• Susanna, looking into why I am so angry is a great idea. I don’t think I was ever able to do that with my father until I started writing creative nonfiction. I’ve had to examine myself more and focus less on him, whereas in the past I always obsessed over my father, his anger, and his actions. Love what you say about this internal search being great fuel for writing!

  12. I don’t like confrontation and usually end up crying if I express my anger, which doesn’t help! I tend to have angry conversations with people in my head, which doesn’t help either as it winds me up more. I don’t think I’ve ever really tried writing the anger down, maybe that’s something I should explore…

    • Don’t you hate that when you cry when you’re mad? It’s so frustrating! I find it really helpful to write it down unless it’s too soon and then I just inflame the whole thing.

  13. oh where to begin Luanne! I have gone from someone who used to simmer and boil on the inside very quietly like a black pot on a hot plate to someone who learned that holding on to negative feelings leads to all kinds of physical ailments and spiritual darkness. The root of anger is ‘fear’ usually the fear that we are not ‘good enough’ in some way or that we don’t measure up. (Susanna’s earlier comment is spot on) Years of therapy etc and meditation taught me that 😀 and yes, writing out negative feelings has helped.

    • It’s so interesting that you say that the root of anger is fear. While the anger visited upon me as a kid led to my own fears, now that you say that, I do think that my father’s anger came from fear. Of course, a child can’t possibly understand that and it wouldn’t help anyway. I love hearing how you’ve been able to overcome so much of this, Yolanda. That in itself is so inspirational.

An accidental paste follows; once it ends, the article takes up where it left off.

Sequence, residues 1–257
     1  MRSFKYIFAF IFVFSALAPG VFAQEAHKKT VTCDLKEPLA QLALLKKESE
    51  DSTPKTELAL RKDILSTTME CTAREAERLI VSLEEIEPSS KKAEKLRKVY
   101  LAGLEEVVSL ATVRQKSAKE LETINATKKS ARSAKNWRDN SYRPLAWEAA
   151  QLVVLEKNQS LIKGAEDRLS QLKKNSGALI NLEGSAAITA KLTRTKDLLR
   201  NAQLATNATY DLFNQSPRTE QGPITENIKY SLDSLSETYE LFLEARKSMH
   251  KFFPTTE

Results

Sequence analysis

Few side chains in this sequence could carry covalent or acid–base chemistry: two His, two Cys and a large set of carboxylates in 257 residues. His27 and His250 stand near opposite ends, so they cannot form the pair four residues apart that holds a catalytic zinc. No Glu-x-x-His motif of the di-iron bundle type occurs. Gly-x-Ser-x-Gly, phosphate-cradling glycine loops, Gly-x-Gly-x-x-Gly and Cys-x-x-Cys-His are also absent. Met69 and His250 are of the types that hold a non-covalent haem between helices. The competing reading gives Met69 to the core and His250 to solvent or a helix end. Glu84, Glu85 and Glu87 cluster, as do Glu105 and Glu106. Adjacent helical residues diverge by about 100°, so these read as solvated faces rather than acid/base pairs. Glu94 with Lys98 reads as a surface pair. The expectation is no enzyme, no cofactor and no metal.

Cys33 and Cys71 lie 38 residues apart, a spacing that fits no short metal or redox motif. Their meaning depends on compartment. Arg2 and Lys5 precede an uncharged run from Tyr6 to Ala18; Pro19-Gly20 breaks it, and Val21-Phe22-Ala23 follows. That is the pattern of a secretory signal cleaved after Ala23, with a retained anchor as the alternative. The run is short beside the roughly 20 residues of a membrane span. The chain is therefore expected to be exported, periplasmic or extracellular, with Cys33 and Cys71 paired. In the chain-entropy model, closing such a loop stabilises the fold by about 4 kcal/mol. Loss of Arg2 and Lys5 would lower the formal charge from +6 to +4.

14. Ahh…what a cutie Tiger is. He could be shooting laser lights out of those beautiful eyes of his, haha 😉 I find writing the anger out is definitely the way for me. I’ve often done that and then not even sent the letter/email or whatever as I can’t bear the confrontation but I’ve felt much better after the writing of it…

    • Hehe, Tiger is a girl. I know, silly name for a girl. My son gave her that name for some reason. I usually call her Tiggy Winkle or Tiger Queenie Princess Mimi Josefina. Or Tiges with a long I. She answers to all of those.
      I’ve done that before! Written a long letter venting, then destroyed it!

      • Ahh…sorry about that! But I did have to laugh at all your names for Tiger, which is a beautiful name so your son did well! We do the same with both our cats, in fact my daughter drew up a list the other day of all the names our cats answer to…Maisy, just for starters, answers to Bibbs, Missoo and Amaze Maize and Eddy (named by middle son after the mascot for Iron Maiden) answers mostly to Boy! Funny isn’t it? 😉

        • Maisy is such a pretty name! It’s so funny what we call them! My Mac (the oldest of my cats) got this name when he was young: monkeybunnyratowlpig. I also call him Mackie Man and Handsome Man. hahaha And Pear Blossom has a different name she also goes by: Jellicle Jill.

  15. Writing definitely helps sort out so many emotions from me: happiness, sadness, anger, sorrow and joy. I work out the negative emotions and honor the positive feelings by memorializing them.